Plantin Font Field Guide
Foundry: Monotype Designers:Frank Hinman Pierpontn Classification: Serif/Old Style
The Plantin design has a narrow, paper-conserving, width and a large x-height, making it an excellent choice for long-form text copy. It is, however, a heavy face and needs room to breath. The Plantin family also performs best in uncomplicated typographic arrangements.
Four weights of regular proportions, each with an italic, one bold condensed design, two weights of Plantin Infant each with an italic counterpart, a single-weight of Titling and three Headline designs. The four designs of News Plantin were designed specifically for setting text where space is at a premium.
- F.H. Pierpont is often credited with designing Plantin – but he was not a type designer.
- Although classiﬁed as a “Dutch Old Style” typeface, Christophe Plantin was a Frenchman and Antwerp, where he worked, is in Belgium. The answer to the apparent miss-naming is that Antwerp was part of the Dutch Republic when Plantin worked there.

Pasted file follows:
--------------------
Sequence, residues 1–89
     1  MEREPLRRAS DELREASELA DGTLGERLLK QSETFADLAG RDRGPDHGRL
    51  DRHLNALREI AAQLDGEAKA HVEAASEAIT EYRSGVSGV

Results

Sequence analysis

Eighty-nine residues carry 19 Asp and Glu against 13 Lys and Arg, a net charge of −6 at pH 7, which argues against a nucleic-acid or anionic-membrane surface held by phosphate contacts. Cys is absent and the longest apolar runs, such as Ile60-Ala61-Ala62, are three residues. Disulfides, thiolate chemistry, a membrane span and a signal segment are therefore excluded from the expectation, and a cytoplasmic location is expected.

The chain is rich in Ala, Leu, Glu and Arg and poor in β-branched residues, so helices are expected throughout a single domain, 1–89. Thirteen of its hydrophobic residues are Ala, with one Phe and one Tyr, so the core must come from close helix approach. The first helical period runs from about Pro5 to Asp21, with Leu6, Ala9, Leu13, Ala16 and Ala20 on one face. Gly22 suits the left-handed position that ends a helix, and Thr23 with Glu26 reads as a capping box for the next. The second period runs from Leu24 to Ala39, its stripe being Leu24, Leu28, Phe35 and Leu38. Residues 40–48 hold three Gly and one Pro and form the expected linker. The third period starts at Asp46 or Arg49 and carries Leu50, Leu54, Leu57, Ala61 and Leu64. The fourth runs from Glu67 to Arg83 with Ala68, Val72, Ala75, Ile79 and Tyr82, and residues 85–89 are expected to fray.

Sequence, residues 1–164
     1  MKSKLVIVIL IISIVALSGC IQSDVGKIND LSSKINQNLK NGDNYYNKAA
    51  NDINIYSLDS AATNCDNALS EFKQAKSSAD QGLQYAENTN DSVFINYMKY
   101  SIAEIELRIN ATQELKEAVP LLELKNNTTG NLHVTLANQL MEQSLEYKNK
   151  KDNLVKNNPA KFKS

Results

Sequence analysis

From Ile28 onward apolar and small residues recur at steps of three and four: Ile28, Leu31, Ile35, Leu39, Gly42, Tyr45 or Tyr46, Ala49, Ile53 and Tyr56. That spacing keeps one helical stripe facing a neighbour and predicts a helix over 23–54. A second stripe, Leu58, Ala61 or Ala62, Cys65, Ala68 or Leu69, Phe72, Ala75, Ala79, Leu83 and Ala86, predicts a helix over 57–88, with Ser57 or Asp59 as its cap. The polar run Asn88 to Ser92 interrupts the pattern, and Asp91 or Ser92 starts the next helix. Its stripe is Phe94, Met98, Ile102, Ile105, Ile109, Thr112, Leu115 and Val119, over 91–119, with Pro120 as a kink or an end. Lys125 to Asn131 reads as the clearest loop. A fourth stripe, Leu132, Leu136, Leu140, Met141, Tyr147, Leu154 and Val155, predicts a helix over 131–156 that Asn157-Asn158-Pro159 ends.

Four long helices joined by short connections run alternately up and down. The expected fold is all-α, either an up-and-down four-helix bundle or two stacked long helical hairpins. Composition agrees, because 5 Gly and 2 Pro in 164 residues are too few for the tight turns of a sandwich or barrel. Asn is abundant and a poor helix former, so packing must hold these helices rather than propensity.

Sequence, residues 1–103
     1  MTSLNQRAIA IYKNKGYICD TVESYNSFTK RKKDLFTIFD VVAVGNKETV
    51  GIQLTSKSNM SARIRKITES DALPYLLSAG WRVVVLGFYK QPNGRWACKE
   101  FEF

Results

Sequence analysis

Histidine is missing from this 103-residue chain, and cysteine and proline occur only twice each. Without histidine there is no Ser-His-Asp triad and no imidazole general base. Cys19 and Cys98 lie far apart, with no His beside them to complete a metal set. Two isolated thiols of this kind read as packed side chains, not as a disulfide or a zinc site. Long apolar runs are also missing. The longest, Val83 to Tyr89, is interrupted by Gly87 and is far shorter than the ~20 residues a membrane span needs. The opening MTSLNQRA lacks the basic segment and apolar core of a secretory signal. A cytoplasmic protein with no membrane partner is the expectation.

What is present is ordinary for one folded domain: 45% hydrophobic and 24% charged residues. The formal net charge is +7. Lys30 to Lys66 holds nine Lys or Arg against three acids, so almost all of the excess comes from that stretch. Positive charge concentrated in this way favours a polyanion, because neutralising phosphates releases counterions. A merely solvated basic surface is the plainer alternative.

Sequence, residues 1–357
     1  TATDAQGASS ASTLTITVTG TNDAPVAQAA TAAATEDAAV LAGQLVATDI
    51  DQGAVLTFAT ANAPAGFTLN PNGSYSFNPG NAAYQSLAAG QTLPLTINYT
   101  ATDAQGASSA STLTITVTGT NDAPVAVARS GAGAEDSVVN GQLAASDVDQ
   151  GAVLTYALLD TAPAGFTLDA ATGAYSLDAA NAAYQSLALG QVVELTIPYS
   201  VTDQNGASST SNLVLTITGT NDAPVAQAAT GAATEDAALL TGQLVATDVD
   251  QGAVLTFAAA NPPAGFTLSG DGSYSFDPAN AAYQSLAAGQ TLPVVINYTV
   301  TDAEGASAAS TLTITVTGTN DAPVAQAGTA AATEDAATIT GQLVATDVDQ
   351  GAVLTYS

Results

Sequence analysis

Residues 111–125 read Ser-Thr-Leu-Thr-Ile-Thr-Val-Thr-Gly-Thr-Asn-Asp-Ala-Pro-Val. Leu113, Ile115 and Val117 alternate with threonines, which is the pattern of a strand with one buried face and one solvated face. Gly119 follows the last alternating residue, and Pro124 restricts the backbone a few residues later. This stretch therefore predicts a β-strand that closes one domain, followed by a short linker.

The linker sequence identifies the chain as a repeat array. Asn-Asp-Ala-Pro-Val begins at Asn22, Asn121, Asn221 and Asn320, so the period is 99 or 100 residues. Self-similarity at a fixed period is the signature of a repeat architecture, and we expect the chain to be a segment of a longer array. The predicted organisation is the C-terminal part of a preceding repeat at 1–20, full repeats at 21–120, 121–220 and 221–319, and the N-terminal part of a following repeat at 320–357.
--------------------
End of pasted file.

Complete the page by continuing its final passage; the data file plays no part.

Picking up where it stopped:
The Monotype Drawing Ofﬁce Monotype designed the Plantin typeface, in 1913, under the direction of F.H. Pierpont. The design is based on fonts made by Robert Granjon in the 1500s and named after the famous printer, Christophe Plantin.
Over time, a more condensed News Plantin, Plantin Infant for the setting of young reader books, a bold condensed Plantin Headline and Plantin Titling typefaces were added to the family.
Modest stroke weight change, short sturdy serifs and old style design traits make Plantin a very legible design in print and on screen.
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